Given how crowded the mobile wallet space has become, it’s clear that consumers need an incentive to adopt a solution. PayPal has the right brand awareness in the B2C and B2B space.  The big question is how PayPal can make it easy for merchants to use their mobile payment tools. A second factor to success will hinge on what co-op marketing programs PayPal can build out with merchants to provide incentives for consumers to pay with PayPal.  PayPal, the field is wide open now.  You’d better act fast or the teams at Square and Dwolla will get there first!


Starbucks missed a golden opportunity to enable mobile payments to increase consumer value

I am a Starbucks loyal customer mostly due to their convenient locations, innovative marketing programs and mobile application.  Yes, as a coffee guy I prefer the flavor of Peet’s, but let’s face it, there are simply more Starbucks locations.  I use the mobile application several times a week, have scheduled auto-reload and have downloaded the free app of the day once in a while.  I also like how Starbucks informed me of The Share Event through the app’s messaging feature.  Well done, Starbucks.  What a great way to keep me connected to you and to increase my lifetime value as a customer.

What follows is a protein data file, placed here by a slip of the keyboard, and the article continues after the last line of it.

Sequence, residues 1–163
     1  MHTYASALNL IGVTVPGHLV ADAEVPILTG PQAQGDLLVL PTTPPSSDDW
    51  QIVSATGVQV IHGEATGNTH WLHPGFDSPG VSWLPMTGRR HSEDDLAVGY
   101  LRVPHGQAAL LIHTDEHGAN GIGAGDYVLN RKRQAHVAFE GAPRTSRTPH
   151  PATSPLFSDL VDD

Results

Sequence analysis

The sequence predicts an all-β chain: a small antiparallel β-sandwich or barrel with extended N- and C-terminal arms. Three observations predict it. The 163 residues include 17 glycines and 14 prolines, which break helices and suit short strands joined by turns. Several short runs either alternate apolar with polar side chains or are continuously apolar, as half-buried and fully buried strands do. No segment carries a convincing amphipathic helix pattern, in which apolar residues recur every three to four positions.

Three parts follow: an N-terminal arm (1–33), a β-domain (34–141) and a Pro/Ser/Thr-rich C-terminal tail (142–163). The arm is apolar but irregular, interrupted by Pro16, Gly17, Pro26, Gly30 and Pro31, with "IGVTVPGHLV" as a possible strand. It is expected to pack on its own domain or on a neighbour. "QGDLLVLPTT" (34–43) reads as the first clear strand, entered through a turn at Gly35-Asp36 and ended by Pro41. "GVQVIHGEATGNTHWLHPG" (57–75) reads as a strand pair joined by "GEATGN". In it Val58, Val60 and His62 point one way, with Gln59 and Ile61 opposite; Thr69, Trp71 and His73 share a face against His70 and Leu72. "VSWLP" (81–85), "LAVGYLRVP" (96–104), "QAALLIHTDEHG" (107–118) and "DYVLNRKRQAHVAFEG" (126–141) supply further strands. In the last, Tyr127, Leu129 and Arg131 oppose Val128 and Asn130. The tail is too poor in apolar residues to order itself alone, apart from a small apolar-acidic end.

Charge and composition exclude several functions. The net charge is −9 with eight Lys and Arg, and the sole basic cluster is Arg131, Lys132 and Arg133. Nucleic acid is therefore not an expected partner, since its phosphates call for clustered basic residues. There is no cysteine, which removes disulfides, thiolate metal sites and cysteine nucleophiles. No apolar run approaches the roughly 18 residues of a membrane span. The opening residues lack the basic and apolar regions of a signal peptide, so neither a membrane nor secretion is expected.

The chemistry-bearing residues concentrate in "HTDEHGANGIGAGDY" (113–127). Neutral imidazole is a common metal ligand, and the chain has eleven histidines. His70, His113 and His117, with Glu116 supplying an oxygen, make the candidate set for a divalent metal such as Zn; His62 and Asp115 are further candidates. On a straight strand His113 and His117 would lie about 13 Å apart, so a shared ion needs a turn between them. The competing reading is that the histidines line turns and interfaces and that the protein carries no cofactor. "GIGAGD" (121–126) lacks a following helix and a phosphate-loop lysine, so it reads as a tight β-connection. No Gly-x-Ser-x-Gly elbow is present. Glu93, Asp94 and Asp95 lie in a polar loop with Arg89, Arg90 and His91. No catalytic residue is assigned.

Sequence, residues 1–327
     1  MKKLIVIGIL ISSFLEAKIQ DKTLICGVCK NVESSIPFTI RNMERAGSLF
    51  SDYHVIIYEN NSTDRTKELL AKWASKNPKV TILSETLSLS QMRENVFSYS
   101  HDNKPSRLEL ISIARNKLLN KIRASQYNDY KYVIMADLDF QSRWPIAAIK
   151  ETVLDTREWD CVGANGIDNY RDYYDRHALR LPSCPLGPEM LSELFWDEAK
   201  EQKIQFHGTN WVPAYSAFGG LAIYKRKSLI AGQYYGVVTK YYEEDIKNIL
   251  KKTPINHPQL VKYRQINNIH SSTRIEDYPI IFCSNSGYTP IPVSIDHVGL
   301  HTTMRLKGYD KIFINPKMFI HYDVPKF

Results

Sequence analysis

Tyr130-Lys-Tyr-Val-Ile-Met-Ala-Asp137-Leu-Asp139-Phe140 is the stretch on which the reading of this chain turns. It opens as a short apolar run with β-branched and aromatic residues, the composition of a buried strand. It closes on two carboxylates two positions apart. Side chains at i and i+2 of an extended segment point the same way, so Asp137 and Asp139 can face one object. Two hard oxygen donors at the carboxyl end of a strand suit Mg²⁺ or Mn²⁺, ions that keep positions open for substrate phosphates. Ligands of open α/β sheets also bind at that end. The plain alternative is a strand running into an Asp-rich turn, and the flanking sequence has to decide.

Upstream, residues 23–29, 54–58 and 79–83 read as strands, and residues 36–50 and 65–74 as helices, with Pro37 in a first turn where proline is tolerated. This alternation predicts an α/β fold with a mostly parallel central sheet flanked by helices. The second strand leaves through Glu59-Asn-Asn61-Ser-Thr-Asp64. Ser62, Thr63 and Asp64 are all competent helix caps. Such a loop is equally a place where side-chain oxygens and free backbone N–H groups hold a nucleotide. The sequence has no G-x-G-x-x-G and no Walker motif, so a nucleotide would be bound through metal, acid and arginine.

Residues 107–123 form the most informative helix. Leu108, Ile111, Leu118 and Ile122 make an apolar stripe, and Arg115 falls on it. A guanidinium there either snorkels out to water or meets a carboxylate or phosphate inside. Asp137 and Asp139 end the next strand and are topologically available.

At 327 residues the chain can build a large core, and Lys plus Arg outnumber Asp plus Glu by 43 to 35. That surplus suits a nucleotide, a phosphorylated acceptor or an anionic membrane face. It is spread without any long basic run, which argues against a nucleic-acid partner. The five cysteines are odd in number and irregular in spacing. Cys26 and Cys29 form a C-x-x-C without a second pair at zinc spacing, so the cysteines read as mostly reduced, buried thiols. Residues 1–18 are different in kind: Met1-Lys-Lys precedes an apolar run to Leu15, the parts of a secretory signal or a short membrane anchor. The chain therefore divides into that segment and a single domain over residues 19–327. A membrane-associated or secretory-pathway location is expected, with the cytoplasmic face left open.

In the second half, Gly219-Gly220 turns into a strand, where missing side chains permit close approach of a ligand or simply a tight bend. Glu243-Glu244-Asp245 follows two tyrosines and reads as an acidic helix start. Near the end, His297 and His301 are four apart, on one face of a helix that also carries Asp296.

Given all of this Starbucks love, I was SHOCKED by what happened to me this morning when I bought a small drip (dark roast, by the way) coffee.  I paid using my mobile app and the Starbucks guy handed me this…

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“If you buy 5 holiday beverages you get one free.  Carry this with you and collect the stickers…it’s a good deal,” he said.

Wait….what?

Starbucks knows what I buy broken down to the transaction level.  Now I’m required to remember to pull out a wrinkly loyalty card from my wallet after I buy a holiday beverage….even after I paid for this beverage with my mobile app?  In a panic, I opened up my mobile app and checked “Messages” for a note that tells me how to sign up for this program through my phone.  Nothing.  Sigh.

However, this is not the only mobile marketing program fail that occurred this morning. My lovely (and I mean lovely) wife received an email from Starbucks regarding the Holiday Star Dash.  The email requested that she click through the link and enter a 9-digit code on her Starbucks.com account page.  She popped open the mobile app hoping to find an easier way defined in “Messages.”  Nothing. Sigh.